Spluttering up a mean dose of determination, the lungs give out as the back of the throat cakes over with a dusty and dry void. And the asthma strikes again. And there, in the wilds of Bolivia, Ernesto "Che" Guevara hacks up the resolve, fortitude and the sheer essence of convictions to lead himself down the path of a sequel that proves that there are few exceptions to the rule. The Bolivian uprising, not so wheezy hot.
Far from it to speak fault with the film itself, second of a two-part biopic on the one-time doctor and now for all time professional guerrilla. Of the events unfolding across the flicker of the screen, down in the books and annals of history, there is something about taking an idea and stretching it beyond its skin. A breaking point that snaps back with a certain harshness and unforgiving strike.
No, what utters the whispers of failure is that of the idea of bringing about a revolution and movement to a peoples that neither cares nor wants to follow the lead of a revolutionary leader, no matter how strong and impressive their rookie campaign. One which happens to be heartily explosive and amaizeing in execution.
Benicio del Toro as Che Guevara smoking a pipe in Spanish
In this Latin America, Bolivia proves to be the end game for Che Guevara. The final battle ground and ultimately the bookend to his amazing transformation from a curious Argentinean doctor to the legend that is later screen-printed across all manner of merchandise foisting a hipster style of fashion without understanding or knowledge.
Taking the rule of sequels rarely besting the original, so it is with the deterioration of both his health and those that walk by his side that sees Guevara's follow-up campaign down amongst the exposed roots and hidden with a cover of desperation, of not being able to see the clouds overhead withering any and all ties, fading them all away into the non-responsive and unhelpful atmosphere of a shotgun firing into the dead of night and waking up with a hangover the size of defeat.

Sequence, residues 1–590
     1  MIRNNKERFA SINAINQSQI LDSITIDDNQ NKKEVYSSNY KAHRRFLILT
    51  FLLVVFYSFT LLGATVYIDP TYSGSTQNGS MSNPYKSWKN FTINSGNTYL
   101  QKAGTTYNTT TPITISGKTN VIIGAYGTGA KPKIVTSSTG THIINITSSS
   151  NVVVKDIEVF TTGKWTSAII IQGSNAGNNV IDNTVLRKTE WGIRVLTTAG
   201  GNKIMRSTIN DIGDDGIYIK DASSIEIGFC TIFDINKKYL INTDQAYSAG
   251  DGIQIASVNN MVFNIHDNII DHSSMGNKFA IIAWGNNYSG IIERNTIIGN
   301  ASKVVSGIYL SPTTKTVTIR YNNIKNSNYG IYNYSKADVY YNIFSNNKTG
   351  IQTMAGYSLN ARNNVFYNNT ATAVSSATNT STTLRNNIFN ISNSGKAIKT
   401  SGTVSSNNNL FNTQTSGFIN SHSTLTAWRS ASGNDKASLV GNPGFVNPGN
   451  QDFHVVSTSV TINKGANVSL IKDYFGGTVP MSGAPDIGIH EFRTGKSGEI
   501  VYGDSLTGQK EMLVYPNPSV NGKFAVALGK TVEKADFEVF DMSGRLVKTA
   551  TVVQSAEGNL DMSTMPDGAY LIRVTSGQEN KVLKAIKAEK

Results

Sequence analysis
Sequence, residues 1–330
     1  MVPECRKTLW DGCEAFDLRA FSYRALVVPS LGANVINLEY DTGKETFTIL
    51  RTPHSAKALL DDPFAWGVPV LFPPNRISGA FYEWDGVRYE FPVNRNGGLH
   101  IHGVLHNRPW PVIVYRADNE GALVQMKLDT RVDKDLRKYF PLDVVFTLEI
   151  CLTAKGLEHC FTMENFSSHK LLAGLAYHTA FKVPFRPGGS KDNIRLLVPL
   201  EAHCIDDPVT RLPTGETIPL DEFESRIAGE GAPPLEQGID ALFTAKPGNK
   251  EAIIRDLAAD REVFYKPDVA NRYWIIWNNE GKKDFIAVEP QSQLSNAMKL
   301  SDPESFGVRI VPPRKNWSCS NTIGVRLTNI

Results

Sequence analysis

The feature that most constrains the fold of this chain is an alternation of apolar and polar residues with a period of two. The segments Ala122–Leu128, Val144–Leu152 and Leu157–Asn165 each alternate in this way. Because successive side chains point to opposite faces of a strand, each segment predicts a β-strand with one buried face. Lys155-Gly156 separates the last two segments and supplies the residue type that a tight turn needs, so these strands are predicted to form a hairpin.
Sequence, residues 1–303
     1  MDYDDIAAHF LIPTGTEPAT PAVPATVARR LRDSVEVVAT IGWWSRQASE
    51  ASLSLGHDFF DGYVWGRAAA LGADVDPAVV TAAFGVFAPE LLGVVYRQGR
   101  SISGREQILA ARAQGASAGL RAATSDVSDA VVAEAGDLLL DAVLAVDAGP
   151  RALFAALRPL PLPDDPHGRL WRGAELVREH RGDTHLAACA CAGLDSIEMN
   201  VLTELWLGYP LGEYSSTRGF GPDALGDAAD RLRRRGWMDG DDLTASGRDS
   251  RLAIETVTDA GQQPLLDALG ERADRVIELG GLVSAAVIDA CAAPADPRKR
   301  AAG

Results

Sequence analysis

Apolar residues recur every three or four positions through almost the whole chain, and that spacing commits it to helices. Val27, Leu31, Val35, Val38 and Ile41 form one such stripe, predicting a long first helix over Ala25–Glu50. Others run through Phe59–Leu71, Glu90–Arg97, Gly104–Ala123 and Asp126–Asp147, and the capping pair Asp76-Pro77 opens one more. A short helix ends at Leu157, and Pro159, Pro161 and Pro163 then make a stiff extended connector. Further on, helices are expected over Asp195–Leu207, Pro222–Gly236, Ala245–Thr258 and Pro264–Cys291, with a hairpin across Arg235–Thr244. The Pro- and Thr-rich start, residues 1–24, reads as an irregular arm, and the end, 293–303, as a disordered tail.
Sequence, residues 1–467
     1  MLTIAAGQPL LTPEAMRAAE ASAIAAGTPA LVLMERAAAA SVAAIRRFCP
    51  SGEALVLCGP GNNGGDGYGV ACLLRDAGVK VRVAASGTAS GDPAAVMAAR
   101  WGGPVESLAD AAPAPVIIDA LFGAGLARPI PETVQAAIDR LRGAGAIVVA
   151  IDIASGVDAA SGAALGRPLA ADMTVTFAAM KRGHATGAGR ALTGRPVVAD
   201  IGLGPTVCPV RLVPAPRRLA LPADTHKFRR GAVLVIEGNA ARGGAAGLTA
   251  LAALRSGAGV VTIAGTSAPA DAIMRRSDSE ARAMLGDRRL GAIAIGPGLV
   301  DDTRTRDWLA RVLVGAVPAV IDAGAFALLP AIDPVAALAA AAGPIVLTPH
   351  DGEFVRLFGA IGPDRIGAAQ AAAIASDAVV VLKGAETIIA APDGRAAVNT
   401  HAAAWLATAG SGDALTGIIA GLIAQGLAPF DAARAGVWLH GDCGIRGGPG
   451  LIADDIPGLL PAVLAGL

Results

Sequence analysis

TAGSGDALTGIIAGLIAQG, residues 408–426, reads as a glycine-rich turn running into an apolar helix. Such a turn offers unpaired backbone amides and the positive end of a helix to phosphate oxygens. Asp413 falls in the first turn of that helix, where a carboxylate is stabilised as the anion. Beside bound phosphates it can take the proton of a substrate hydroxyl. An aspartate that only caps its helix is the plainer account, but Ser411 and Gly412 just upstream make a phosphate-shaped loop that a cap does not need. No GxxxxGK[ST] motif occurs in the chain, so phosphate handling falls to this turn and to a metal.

Gruelling, tension is constant and the lack of nearby water, coupled with circulating fresh air parrots a sickening blindness as the lights momentarily blackout while the teeth are fitted in. Scrambling past the one man in the audience who sports a Che emblazoned T-shirt (and who knows what, if any, the level of irony in that parade) the setting is without the pomp and ceremony of the mastermind and his success and orchestration of the overthrow of Batista's Cuban reign.
None of that, now under the cover of disguise and darkness and a handshake of pseudonyms. With the backdrop of penning The Bolivian Diary, Guerilla is a long and enduring vision. Time is gone on hours and the attention holds a strict clasp of the nape, the calm with the execution of taking a step the right away and never once letting go.
Palms sweat with each encroaching day along the trail of freeing the people from their government and spreading the butter of communism across the Latin American maize. It's export/import where the import in this case happens to form a dissonance with the Bolivian locals. With the peasants unwilling and the countryside proving to be a far more hostile environment, the aimlessness and hopelessness of it all slips mercilessly out of Guevara's hands.
Taking back all your 26 Julys
Shot entirely in Spanish and directed by Steven Soderbergh, Benicio del Toro exudes an most unmistakable gravitas and charisma in the eponymous role as the film exacts a most depressing vision of history that sees it all go from bang to whimper. It's impossible to see how del Toro just isn't living as Guevara, so within that body and role he wheezes.
Resolute all the way to the end, it's losing the faculties of breathing that leaves watching it all unfold a beautiful investment in the size of Guevara's heart as it bleeds a resounding emotion.
Reviewed on Sunday, 13 September 2009